Intel has responded to the European Commission's anti-trust charges. The organisation has confirmed that, after some delay, it had received responses from the chip maker.
"We have received the company's response and are examining it carefully," said a person close to the competition department.
In July the Commission accused the world's biggest maker of computer chips of handing out "substantial rebates" to computer manufacturers in return for buying the bulk of their x86 chips from Intel.
It also accused the company of paying computer makers for scrapping or delaying the launch of machines fitted with AMD chips, and of selling its chips for server computers at below cost to large customers such as governments and universities.
Such practices are illegal under European anti-trust law when applied by companies that dominate their market, as Intel does.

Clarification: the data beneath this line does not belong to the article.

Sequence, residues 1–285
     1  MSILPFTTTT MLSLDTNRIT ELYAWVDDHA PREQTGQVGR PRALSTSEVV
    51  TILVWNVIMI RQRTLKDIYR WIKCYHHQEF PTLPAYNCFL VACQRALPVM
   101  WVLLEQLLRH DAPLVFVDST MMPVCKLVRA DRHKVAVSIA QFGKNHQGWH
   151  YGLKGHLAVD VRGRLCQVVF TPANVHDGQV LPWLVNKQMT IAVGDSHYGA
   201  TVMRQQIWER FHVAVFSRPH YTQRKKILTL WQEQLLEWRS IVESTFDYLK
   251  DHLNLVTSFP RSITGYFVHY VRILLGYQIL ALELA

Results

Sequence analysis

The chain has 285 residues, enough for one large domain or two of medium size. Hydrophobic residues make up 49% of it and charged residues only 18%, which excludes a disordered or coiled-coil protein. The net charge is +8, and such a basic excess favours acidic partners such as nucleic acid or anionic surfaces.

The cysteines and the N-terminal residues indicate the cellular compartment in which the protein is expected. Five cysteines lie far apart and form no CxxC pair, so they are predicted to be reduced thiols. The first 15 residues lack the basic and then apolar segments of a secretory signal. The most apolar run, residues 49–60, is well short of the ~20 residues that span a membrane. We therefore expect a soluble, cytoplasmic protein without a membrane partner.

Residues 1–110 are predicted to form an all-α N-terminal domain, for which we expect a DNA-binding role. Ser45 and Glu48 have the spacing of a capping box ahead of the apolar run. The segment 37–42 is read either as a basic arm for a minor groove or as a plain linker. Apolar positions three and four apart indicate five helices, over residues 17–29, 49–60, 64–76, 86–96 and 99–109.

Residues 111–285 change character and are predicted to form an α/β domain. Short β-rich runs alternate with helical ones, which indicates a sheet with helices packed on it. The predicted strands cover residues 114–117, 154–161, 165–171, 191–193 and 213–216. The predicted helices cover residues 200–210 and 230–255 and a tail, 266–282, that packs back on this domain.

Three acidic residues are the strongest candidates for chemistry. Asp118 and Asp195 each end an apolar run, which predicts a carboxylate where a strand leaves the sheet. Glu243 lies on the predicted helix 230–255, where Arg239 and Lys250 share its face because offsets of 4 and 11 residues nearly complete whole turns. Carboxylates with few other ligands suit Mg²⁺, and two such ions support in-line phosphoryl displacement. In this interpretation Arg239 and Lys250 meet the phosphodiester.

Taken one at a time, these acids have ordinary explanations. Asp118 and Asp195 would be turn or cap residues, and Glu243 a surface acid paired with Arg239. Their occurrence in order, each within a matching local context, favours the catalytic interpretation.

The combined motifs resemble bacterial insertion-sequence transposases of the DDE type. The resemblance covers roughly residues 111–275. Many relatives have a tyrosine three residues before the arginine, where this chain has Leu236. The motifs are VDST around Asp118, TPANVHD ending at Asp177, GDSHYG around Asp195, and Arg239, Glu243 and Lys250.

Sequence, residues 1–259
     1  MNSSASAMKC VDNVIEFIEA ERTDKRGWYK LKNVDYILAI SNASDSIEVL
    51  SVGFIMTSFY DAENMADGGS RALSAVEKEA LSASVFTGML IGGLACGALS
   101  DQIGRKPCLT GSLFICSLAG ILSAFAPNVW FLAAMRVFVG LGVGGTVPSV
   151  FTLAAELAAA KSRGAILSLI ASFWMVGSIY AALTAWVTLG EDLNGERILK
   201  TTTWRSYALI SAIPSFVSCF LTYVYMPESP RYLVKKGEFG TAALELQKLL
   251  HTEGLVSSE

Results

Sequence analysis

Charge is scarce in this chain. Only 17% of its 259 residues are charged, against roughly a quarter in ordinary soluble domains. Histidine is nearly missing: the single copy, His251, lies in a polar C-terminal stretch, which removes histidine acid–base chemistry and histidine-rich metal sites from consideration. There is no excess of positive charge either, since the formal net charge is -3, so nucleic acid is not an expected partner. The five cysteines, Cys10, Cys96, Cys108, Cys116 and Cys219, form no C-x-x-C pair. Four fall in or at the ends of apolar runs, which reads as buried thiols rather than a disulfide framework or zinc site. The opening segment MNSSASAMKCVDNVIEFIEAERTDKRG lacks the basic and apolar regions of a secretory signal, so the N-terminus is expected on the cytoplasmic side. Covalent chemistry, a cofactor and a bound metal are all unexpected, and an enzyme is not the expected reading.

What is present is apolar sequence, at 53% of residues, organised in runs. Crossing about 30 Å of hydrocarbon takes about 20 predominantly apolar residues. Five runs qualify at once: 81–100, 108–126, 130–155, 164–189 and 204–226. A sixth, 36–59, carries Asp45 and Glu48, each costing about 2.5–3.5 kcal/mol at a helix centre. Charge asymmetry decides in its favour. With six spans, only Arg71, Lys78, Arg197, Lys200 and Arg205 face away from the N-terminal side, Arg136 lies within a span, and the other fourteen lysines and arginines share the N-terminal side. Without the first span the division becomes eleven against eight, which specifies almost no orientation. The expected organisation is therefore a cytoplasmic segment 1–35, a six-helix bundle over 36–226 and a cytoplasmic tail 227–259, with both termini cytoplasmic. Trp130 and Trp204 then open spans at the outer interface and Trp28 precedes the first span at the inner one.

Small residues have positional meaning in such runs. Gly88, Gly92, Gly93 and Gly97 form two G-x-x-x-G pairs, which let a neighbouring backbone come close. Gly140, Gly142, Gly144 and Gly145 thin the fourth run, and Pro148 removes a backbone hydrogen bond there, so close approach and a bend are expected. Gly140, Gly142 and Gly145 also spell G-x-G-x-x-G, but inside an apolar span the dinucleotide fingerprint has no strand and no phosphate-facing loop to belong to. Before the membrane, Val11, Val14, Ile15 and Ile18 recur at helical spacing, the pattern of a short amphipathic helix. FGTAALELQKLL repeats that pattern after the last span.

In addition to the written response, Intel has also asked the Commission for the opportunity to respond to the charges face-to-face in an oral hearing, said Chuck Mulloy, a company spokesman. The Commission will decide the date's oral hearing.
"It will be a while before the hearing. The Commission staff will have to read our substantial response," Mulloy said.
Intel asked twice for extra time to prepare the written response. The initial deadline was in October. That was shifted to 4 January. Then, as the new deadline loomed, Intel asked for the weekend to complete the document.
"There were some loose ends that needed to be addressed. It was nothing unusual," Mulloy said.